swamp

Our common word swamp comes from a rustic dialect of English, and only became widely used in North America in the seventeenth century. Swamp is a truly popular word, with a broad range of meanings, referring to wet spongy ground and often used interchangeably with bog, marsh, mire, and fen. But in precise usage, swamp refers to land with more trees than a marsh, better drained than a bog. A swamp has stretches of low-lying ground often interspersed with pools and hammocks of raised soil. Swamp water steeps roots and rotting vegetation, and is often colored like tea. Large swamps are found in saturated, low-lying flat terrain, but small upland swamps are common where the soil is clay and underground seepage abundant, for example in the Finger Lakes region of central New York. Most swamps have little peat accumulation, and no floating mats of vegetation typical of bogs. Swamps are Noah’s Arks of species, where scores of birds, insects, spiders, and amphibians live in the recesses. A paradise of alligators, muskrats, sometimes bears and panthers, swamps are a significant refuge for wildlife partly because they are of little commercial use unless drained. The Great Dismal Swamp in Virginia and the Okefenokee Swamp in Georgia are two of the largest and best known. Swamps are places of overwhelming diversity of life, of primeval, melancholic gloom and ecological subtlety, haunted by poisonous insects, spiders, reptiles, and rare flowers, and sheltering great beauty.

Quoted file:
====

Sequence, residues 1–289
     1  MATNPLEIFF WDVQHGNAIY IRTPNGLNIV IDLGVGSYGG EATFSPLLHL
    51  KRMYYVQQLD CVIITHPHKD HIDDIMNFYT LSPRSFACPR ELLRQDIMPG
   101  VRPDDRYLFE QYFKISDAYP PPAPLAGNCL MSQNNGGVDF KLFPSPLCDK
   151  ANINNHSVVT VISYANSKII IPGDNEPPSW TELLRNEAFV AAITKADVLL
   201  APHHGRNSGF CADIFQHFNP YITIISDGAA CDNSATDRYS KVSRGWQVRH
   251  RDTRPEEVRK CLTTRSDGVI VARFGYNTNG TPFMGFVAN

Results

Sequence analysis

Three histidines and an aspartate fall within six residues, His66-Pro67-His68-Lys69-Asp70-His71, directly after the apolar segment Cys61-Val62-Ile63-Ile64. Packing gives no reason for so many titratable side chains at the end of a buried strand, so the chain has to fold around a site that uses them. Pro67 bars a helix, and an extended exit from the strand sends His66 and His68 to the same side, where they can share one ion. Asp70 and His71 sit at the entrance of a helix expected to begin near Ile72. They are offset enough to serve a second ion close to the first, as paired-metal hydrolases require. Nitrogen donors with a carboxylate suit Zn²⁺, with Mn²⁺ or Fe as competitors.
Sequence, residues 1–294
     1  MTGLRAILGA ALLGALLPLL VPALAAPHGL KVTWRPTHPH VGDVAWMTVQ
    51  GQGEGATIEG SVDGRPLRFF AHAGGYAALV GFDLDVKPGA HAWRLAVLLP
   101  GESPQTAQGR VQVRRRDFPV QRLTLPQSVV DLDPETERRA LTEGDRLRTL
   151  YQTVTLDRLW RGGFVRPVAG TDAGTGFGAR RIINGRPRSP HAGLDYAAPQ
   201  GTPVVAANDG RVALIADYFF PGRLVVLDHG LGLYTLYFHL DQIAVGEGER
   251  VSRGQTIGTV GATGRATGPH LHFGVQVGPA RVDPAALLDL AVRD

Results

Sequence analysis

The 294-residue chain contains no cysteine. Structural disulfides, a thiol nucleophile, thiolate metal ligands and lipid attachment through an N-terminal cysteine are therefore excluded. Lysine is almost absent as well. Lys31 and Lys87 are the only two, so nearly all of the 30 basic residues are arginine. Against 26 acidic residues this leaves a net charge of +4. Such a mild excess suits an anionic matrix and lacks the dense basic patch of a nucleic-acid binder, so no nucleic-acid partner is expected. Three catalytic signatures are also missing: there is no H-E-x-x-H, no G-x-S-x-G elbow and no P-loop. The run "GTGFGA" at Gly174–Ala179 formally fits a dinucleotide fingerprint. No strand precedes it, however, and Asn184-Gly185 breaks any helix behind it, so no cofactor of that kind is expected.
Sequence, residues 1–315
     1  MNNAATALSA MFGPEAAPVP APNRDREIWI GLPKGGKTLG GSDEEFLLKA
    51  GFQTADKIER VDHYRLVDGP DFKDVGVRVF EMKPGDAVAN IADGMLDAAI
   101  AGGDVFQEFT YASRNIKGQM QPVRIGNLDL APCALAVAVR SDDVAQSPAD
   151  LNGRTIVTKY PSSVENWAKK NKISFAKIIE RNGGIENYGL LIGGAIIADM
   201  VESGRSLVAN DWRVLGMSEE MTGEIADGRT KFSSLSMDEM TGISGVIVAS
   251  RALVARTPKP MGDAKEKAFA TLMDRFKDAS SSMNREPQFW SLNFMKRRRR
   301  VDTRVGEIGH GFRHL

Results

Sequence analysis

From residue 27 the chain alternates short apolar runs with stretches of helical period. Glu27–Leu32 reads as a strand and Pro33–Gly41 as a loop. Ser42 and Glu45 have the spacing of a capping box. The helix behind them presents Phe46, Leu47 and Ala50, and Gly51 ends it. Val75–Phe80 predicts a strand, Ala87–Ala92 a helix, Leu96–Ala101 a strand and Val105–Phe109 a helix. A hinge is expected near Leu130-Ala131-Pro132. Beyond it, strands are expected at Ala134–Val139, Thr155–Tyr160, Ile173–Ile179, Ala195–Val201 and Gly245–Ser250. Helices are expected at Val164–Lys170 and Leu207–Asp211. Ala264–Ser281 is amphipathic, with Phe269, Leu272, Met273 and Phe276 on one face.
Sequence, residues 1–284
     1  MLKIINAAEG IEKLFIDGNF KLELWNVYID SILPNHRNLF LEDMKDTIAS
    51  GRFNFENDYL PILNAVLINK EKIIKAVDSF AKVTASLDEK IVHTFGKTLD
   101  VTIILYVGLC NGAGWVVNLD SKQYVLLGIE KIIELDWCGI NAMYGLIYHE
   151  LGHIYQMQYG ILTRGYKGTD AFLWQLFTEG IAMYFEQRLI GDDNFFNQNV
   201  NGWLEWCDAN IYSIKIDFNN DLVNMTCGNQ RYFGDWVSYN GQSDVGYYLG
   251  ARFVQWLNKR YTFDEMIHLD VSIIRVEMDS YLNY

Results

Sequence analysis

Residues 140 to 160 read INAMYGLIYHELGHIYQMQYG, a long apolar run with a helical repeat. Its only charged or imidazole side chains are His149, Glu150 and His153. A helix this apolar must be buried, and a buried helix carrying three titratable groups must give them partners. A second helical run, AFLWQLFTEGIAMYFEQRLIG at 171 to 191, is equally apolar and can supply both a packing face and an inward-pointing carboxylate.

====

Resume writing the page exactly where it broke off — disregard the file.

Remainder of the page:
Robert Morgan